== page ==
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close this bookEcologically Sound Energy Planning Strategies for Sustainable Development (Indian Institute of Sciences)
close this folder3.0 Renewable energy sources
View the document(introduction...)
View the document3.1.0 Solar energy conversion modes:
View the document3.1.1 Solar water heating
View the document3.1.2 Industrial and commercial systems:
View the document3.1.3 Domestic water heating:
View the document3.1.4 Present status in Karnataka:
View the document3.1.5 Technical issues:
View the document3.2.0 Wind Energy:
View the document3.2.1 Wind energy systems:
View the document3.2.2 Economic aspects:
View the document3.3.0 Waste/Residue based energy:
View the document3.4.0 Hydro electric power and energy:


Renewable energy is a flow of energy, that is not exhausted by being used. The primary renewable energy source on earth is solar radiation. The total flow of solar energy through earth's natural system is some 10,000 times greater than the present flow of energy through man's machines. Even the one per cent of the solar influx that generates the great atmospheric pressure systems which drive the winds, and which in turn generates the waves, in some 180 times as large as man's rate of energy use. And though, on the average, the photosynthetic process is less than 0.2 per cent efficient, even photosynthetic production creates 10 times as much energy as man uses.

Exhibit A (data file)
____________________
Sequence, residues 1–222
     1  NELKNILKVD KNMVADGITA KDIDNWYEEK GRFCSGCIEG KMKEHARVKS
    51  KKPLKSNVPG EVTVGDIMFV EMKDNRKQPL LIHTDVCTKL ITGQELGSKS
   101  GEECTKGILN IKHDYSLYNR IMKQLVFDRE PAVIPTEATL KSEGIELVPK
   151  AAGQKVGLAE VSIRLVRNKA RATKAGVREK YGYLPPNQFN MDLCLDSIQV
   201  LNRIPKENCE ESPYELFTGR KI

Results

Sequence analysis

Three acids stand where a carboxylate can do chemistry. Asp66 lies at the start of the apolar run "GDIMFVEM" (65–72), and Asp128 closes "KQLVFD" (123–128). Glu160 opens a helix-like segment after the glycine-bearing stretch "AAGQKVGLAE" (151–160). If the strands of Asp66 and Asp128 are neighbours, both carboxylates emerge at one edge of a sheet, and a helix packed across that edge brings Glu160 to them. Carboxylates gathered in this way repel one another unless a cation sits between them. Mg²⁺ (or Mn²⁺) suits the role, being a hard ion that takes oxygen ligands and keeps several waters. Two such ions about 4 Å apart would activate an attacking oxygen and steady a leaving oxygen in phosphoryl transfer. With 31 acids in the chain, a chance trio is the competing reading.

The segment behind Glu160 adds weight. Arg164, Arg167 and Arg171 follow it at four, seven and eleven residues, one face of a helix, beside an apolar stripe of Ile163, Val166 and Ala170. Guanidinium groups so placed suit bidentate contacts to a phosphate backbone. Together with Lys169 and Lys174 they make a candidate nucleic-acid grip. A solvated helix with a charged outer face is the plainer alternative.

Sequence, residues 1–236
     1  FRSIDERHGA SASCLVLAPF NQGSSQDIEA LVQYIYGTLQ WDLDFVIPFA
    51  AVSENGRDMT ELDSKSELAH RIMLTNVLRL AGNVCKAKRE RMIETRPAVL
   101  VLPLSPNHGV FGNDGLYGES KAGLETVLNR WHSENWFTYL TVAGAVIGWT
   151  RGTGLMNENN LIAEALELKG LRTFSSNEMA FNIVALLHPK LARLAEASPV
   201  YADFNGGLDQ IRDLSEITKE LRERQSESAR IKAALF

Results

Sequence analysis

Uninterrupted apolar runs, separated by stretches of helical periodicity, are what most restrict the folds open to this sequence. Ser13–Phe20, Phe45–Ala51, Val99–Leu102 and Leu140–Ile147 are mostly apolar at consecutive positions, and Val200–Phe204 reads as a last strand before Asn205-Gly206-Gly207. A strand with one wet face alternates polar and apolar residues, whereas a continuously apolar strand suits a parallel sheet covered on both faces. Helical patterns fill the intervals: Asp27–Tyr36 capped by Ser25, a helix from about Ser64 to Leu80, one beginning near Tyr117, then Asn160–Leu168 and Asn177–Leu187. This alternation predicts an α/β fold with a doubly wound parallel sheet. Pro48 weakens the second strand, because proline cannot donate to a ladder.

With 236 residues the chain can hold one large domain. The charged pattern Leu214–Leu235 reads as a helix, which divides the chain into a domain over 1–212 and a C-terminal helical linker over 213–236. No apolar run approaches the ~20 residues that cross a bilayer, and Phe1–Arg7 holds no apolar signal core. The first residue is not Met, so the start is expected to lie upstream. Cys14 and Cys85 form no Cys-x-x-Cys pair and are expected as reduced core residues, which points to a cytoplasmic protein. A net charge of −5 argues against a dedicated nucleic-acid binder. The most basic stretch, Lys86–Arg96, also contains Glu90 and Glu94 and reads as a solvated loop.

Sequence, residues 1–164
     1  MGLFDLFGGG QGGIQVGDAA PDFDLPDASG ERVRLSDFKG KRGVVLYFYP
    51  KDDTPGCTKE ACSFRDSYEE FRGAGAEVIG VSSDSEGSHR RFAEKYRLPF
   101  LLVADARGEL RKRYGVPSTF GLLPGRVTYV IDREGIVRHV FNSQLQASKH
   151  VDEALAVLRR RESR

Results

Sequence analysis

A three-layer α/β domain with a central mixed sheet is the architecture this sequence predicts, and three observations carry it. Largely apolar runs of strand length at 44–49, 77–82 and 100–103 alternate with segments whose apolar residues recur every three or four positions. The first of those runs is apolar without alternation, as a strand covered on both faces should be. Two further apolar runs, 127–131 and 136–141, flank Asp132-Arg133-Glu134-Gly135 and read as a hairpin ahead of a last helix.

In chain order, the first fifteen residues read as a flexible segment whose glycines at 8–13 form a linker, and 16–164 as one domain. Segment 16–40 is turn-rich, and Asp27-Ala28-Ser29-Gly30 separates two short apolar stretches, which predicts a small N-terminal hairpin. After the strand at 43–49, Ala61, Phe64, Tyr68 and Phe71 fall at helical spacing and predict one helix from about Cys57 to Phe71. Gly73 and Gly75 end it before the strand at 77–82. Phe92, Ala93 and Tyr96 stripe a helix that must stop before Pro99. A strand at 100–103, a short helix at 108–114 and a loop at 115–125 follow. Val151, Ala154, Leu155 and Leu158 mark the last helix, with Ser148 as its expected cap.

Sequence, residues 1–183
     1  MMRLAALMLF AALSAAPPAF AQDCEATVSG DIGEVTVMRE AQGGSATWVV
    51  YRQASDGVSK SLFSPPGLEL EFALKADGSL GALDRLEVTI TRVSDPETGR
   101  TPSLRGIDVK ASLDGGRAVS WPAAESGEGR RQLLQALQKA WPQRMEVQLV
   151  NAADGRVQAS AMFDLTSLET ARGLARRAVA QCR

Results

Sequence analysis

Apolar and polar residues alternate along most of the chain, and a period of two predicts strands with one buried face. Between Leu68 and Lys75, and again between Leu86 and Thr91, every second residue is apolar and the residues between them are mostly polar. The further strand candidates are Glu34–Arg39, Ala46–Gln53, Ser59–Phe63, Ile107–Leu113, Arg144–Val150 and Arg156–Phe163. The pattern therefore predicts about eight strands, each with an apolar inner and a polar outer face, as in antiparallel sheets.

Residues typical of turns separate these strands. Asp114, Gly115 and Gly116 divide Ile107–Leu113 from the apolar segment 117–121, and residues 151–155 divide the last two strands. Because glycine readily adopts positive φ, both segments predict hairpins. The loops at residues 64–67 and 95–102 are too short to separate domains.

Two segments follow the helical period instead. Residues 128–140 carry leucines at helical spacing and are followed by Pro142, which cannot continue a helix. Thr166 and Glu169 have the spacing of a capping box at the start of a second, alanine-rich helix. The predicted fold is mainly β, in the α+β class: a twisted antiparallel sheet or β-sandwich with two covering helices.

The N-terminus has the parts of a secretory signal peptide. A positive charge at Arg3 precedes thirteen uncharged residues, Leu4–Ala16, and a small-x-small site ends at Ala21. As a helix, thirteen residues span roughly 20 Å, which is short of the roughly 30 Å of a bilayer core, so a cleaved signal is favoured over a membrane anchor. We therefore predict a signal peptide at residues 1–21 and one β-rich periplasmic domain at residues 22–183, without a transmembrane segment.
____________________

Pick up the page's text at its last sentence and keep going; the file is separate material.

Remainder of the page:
The flow of solar and solar derived energy forms is not independent from the activities of man. The radiation fluxes are modified by changing the reflectivity of earth surface, examples by urbanisation, agricultural practices, deforestation. Man's activity also change wind patterns and modify cloud coverage. Injection of pollution in to the environment, removal of forest cover as well as man made structural changes, influences both radiation, heat and water flows (Carlsmith et al 1990 and Fulkerson et al 1989).